21 December 2015
Let me know what you think about this black-and-white image of the iconic Freedom Tower found in Lower Manhattan, New York City. Click on image to enlarge.
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One of the main features of an extraordinary public building is the inevitable symbolism that it amasses. Without question New York City’s Freedom Tower instantly became a place for people to collect dreams of present and future. Its giant structure is a tour de force of design in the age of spectacular architectural feats. It has taken its coveted spot and rightfully.
As I travel through the city’s above-ground spaces, I noticed its visible from many, many vantage points. That tower stands with such dignity that it is hard not to be pleased at pervasive sightings.
This stellar example of human creativity and historic significance keeps watch over the Hudson River and so much more, welcoming everyone to Lower Manhattan and cooing from its public space far and wide. Its attraction is multi-faceted and no matter how many times that I view it, I surrender to its magnificence.
It’s important to see it at all times of day and night. Each tick of the clock brings new ways to appreciate its design and even graphic quality. It’s more than a quintessential skyscraper; it is an edifice to the city that represents the melting pot that is America.
As we meandered to Battery Park with the tower on our left, it provides an introduction to the advocacy by residents, city officials and volunteers to create green public spaces. The tower is witness to the way urbanism and nature can coexist.
In the Lens section is one of my favorite captures of this masterful structure. There was no doubt in my mind that the image had to be converted to black and white. In the conversion I inverted the negative and positive to fully emphasize angles, lines, shadows, shapes, and tones.
Happy winter holidays and thank you for your visit. Dream big for the New Year, wishes really can become reality. See you next week for the last challenge of the year.
Tip of the Week:
Recently, I discovered the work of Joel Tjintjelaar, who lives in the Netherlands and is a fine art photographer, specializing in black-and-white architecture. His aesthetic and creativity clearly are evident in his attention to composition and design of his subjects. Here are some quotes to explain aspects of his artistic vision.
“The human eyes see depth and volumes in a far more advanced way than any camera could. My artistic mind adds to my personal interpretation of a scene. The result is something I can only create in post-production.”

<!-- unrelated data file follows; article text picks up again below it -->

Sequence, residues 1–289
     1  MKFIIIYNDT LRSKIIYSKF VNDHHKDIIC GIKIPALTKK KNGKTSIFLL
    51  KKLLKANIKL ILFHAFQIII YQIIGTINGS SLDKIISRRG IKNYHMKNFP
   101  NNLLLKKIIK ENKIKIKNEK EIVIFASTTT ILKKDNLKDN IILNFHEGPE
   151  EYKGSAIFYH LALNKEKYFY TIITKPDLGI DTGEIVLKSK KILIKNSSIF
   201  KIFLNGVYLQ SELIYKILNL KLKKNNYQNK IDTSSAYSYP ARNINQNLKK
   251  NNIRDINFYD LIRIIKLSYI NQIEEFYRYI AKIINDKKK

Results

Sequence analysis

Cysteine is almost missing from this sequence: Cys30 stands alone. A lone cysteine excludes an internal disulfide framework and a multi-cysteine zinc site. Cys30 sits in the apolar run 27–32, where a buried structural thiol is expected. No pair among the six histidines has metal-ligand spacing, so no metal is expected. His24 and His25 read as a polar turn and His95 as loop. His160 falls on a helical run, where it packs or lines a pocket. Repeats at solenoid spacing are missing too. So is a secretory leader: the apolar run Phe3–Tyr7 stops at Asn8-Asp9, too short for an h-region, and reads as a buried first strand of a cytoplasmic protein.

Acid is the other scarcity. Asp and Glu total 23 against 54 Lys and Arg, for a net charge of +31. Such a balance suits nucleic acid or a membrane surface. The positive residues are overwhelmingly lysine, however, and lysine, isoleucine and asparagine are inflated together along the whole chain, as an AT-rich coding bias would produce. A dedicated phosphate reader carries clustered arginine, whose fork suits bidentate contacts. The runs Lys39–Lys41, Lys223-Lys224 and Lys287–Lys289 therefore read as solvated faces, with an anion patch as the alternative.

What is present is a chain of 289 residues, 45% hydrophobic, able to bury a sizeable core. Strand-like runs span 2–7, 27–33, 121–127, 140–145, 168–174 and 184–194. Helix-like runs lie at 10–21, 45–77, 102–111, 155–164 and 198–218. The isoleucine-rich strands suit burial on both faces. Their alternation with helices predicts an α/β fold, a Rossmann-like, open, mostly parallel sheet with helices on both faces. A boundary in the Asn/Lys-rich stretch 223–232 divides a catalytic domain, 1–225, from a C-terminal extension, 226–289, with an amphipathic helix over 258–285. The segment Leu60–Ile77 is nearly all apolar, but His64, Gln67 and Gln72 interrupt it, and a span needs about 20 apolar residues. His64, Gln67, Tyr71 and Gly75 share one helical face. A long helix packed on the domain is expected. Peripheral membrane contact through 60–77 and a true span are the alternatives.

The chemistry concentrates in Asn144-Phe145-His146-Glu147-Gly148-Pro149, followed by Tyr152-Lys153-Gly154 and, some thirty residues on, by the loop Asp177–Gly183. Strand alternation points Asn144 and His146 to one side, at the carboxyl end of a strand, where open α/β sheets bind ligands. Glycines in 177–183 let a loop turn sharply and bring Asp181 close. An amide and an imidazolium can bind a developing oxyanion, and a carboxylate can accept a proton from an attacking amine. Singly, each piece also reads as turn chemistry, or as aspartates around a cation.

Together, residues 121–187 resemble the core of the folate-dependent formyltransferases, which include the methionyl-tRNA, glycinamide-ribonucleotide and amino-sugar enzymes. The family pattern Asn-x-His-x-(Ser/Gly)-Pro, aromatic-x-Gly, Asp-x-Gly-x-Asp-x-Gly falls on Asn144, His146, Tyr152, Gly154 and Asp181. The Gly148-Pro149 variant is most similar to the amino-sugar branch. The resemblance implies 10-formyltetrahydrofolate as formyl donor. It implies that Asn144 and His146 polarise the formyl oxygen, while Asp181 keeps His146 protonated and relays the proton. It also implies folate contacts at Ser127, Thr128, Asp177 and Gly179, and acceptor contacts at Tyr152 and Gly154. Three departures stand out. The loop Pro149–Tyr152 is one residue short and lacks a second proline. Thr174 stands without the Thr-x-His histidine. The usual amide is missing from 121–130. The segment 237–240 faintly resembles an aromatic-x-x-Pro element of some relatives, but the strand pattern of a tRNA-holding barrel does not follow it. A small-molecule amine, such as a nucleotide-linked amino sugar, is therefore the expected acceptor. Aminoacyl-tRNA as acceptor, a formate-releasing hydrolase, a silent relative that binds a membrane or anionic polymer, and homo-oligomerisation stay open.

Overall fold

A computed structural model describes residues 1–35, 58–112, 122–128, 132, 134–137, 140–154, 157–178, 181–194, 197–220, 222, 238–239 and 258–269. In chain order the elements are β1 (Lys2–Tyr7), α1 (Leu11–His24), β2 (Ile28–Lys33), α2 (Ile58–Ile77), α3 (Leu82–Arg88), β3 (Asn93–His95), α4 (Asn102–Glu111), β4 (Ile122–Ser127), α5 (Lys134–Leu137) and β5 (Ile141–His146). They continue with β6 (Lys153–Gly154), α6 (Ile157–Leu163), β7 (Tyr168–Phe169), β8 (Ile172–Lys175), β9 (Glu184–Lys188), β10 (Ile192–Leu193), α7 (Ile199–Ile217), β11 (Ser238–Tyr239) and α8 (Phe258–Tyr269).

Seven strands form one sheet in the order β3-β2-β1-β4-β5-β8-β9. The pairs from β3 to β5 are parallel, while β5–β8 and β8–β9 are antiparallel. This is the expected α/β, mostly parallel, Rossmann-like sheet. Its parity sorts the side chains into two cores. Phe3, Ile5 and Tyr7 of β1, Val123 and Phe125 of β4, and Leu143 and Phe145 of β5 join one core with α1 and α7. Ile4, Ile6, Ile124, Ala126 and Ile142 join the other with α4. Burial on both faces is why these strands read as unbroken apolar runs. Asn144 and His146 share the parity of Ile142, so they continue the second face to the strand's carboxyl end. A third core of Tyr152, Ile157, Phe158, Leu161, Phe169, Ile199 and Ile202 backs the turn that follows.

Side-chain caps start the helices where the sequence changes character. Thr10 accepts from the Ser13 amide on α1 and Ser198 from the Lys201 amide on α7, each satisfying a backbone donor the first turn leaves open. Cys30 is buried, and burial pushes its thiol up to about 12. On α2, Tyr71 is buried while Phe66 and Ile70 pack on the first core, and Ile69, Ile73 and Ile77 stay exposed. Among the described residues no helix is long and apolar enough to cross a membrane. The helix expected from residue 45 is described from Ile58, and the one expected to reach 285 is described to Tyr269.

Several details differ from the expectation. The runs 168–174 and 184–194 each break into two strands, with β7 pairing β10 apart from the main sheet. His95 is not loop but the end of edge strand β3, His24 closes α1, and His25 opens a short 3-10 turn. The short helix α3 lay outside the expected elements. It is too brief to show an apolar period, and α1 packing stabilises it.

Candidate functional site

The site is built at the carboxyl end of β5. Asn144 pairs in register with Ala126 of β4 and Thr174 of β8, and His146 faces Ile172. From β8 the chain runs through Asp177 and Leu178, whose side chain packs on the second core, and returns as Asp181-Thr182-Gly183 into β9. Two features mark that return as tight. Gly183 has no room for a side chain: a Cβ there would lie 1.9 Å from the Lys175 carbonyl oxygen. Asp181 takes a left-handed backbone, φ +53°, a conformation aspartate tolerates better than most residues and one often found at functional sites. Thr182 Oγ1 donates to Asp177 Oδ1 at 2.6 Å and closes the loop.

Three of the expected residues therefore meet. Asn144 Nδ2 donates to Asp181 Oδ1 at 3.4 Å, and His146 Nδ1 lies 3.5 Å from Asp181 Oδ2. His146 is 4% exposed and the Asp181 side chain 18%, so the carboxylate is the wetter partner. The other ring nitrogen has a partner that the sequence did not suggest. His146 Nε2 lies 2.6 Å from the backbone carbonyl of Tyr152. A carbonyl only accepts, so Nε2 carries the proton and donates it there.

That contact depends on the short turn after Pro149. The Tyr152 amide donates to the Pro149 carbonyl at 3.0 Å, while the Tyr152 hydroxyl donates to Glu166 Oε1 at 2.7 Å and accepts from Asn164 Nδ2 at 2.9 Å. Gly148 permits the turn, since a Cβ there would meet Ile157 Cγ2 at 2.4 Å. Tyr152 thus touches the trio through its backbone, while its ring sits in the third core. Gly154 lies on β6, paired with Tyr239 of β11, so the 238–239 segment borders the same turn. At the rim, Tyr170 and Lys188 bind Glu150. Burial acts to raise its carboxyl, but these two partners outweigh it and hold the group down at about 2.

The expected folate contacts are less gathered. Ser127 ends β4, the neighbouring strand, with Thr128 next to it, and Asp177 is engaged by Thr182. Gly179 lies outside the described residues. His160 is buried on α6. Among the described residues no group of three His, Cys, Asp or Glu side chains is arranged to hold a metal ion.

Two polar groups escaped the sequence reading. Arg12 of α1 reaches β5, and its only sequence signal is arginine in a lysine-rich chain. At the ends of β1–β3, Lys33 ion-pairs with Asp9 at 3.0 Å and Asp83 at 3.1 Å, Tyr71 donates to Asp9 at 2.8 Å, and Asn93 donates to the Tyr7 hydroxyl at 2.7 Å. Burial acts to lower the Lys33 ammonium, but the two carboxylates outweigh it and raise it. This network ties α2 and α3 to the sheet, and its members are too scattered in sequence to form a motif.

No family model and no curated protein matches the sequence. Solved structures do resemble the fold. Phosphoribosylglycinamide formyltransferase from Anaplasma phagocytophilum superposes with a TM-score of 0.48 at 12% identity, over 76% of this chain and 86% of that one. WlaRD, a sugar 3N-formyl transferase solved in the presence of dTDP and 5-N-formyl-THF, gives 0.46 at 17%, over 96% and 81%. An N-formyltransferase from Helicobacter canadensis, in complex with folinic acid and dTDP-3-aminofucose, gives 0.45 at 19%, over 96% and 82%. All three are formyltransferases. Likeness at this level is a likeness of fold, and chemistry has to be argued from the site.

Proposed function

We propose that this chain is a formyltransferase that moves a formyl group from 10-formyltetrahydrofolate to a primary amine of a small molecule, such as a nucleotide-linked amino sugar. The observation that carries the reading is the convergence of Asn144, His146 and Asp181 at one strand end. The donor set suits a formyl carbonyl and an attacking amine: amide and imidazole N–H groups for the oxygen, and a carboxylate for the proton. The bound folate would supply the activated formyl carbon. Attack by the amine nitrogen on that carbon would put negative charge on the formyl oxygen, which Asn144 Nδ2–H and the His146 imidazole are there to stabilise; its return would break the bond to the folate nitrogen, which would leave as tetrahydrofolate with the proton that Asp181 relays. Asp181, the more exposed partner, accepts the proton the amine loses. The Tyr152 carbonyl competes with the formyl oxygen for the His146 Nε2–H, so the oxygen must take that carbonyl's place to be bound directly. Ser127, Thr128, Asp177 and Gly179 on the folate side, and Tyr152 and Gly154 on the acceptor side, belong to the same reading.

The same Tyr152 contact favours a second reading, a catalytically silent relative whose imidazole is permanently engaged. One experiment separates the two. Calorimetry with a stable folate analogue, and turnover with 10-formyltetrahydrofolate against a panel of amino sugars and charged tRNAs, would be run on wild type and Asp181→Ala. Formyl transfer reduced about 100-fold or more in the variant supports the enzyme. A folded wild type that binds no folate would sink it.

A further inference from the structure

“The light in my architectural photographs is rendered in a specific way, muted or enhanced, for a dramatic effect to emphasize its importance, to enhance lines and patterns, to decrease or increase volumes, spaces and contrasts.”
“The ultimate goal is to reveal the essence, the soul of the architectural structure, by leaving out anything that doesn’t add to this essence.”
“The further the artist moves away from reality, the more unique the result is, the more it represents his personal vision and the closer we get to experience the essence of that artist.”
Click here to read an interview with Tjintjelaar, and see additional examples of his work.
View other entries for this week’s challenge:
As always I welcome comments about this post or any part of my blog. My photographs for the mobile photography challenge are taken with an iPhone 6.
If you’d like to join this Mobile Photography Challenge, please click here for details and history of the challenge. If you have any questions, please contact me. Below is a reminder of the monthly schedule with themes for upcoming challenges:
1st Monday: Nature.
2nd Monday: Macro.
3rd Monday: Black and White.
4th Monday Challenger’s Choice (Pick One: Abstraction, Animals, Architecture, Food Photography, Night Photography, Objects, Panorama, Portraiture, Still Life, Street Photography, and Travel).
5th Monday: Editing and Processing with Various Apps Using Themes from the Fourth Week.